NAE: There are so many things people want to see change. For when we come out of this, if you could only pick one solution to a big problem what would it be?

SH: I would say Medicare for All. Yeah, like public option or something where people who are sick could be treated in this country and not go into like a lifetime of debt.

 

NAE: When things are back to normal, [what’s] the thing you want to do the most that you can't do?

SH: I miss going to the movies by myself, which is weird. I miss the sort of space where I can be by myself or with other people. Like, I also really like cafes for that reason. And I miss dance clubs, even though I was always a little bit suspicious of people who, like, say, “Oh, dance clubs are these revolutionary spaces,” and I'm like, I don't know if I believe that's true, but now that the access to them has gone, I do really feel there is truth to that… more true than I realized. I guess another good… I found myself, like, connecting to a lot of old friends that used to be very close friends, but because I moved, [over time] we became distant… I find myself now communicating with these people that are from my past. That has been another silver lining from the situation.

 

NAE: Just the idea of revolutionary spaces is something that's been on my mind. What do you think of as a revolutionary space?

SH: I do think about the gay bar a lot, gay spaces. And gay spaces have already been disappearing for a very long time for a lot of reasons. Maybe people don't need them like they used [to]… when people were closeted and it was more dangerous to be out and before [people could meet online.] I think about Times Square Red, Times Square Blue by [Samuel R. Delany.] He talks about these spaces being spaces where people cross racial boundaries and class boundaries. Especially some of these sex spaces, because people would go and just want to get off, and maybe a white businessman would hook up with a black guy, and in another situation they would never do that. In that situation… I feel like these connections could be made because sometimes through the online sites… the algorithms and our own choices are [sorting] us into specific groups. Going into [a physical location] that is just open, you go there, and the possibility of meeting strangers like, the Manhandler [Saloon] which may shut down after this, could be a revolutionary space… Sometimes I am also, like, critical of these spaces too, because there also seems to be [a dependence] on substance usage and sometimes substance abuse. Being the child of alcoholics… that was always my issue with the spaces too, and that it seems like a lot of times people would need to use a lot of drugs or alcohol just as a social lubricant, and that would also sometimes feel a little sad, but it also was nice that people could be together.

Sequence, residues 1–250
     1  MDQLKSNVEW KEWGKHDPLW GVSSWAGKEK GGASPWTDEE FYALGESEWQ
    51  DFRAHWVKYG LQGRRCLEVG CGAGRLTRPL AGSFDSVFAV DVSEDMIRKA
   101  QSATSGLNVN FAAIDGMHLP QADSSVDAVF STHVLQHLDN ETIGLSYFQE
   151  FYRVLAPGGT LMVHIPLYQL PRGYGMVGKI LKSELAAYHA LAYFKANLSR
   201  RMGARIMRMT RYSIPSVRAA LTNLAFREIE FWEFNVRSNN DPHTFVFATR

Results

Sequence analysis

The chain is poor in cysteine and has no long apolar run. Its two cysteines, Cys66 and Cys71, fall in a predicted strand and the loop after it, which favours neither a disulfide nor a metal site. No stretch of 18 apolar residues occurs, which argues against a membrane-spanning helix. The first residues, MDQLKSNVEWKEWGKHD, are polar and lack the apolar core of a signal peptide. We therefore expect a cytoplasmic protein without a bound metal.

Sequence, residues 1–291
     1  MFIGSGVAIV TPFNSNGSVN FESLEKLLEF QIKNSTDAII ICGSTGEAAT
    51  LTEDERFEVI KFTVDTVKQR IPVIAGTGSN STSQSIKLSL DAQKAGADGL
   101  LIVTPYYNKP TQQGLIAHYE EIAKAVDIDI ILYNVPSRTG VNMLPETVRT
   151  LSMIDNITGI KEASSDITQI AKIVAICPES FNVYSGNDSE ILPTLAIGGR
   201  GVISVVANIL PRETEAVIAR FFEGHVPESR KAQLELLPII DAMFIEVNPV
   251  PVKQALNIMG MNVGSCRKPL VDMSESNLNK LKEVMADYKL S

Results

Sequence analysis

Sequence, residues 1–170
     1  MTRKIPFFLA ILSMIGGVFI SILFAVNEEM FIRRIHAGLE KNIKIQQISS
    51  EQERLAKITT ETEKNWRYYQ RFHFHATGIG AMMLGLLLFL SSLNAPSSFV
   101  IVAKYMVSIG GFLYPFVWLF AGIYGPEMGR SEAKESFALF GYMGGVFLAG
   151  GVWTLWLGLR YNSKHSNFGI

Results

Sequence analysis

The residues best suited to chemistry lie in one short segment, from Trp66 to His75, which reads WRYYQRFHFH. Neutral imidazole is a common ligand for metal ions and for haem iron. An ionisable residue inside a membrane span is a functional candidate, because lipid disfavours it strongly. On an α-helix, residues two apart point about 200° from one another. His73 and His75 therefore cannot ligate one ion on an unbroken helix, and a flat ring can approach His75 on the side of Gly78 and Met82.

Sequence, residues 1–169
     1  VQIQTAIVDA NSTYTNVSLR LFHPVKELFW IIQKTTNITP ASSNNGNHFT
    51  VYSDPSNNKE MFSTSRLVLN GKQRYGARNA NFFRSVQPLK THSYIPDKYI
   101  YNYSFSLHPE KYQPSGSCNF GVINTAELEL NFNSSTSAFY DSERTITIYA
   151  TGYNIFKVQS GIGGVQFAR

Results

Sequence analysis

NAE: Do you have any final thoughts final thoughts on what you think is not being discussed enough in the mainstream media or in the public conversation that you want to highlight?

SH: I think [it’s] being discussed, but I think it needs to be discussed more, and that would be class, like the economic situation of it. Unfortunately, it seems like there has been a polarized view of people on the left for calling for longer quarantine times, listening to science, and people on the right are calling for going back to work, but I feel like it's the not the most productive binary to buy into because it is a sort of privileged space to be quarantined. A lot of people can’t afford to do that, and we already have a lot of essential workers—delivery people—delivering our food and doing all these things, [who] are usually poorer people. So I'd like to see that binary broken a little bit and talked about in a significant way.